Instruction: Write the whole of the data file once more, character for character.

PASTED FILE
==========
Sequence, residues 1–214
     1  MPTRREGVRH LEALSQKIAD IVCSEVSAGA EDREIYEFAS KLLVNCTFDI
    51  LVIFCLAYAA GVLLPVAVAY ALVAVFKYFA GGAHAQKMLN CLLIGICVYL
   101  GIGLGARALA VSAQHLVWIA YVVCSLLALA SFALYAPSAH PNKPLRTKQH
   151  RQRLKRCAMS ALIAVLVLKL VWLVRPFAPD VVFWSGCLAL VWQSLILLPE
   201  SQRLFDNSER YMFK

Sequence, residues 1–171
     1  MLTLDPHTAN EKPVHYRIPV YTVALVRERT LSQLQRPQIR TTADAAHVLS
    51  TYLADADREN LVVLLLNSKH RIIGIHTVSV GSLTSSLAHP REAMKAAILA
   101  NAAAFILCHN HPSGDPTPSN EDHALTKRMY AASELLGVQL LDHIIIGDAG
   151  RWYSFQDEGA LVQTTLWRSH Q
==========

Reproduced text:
Sequence, residues 1–214
     1  MPTRREGVRH LEALSQKIAD IVCSEVSAGA EDREIYEFAS KLLVNCTFDI
    51  LVIFCLAYAA GVLLPVAVAY ALVAVFKYFA GGAHAQKMLN CLLIGICVYL
   101  GIGLGARALA VSAQHLVWIA YVVCSLLALA SFALYAPSAH PNKPLRTKQH
   151  RQRLKRCAMS ALIAVLVLKL VWLVRPFAPD VVFWSGCLAL VWQSLILLPE
   201  SQRLFDNSER YMFK

Sequence, residues 1–171
     1  MLTLDPHTAN EKPVHYRIPV YTVALVRERT LSQLQRPQIR TTADAAHVLS
    51  TYLADADREN LVVLLLNSKH RIIGIHTVSV GSLTSSLAHP REAMKAAILA
   101  NAAAFILCHN HPSGDPTPSN EDHALTKRMY AASELLGVQL LDHIIIGDAG
   151  RWYSFQDEGA LVQTTLWRSH Q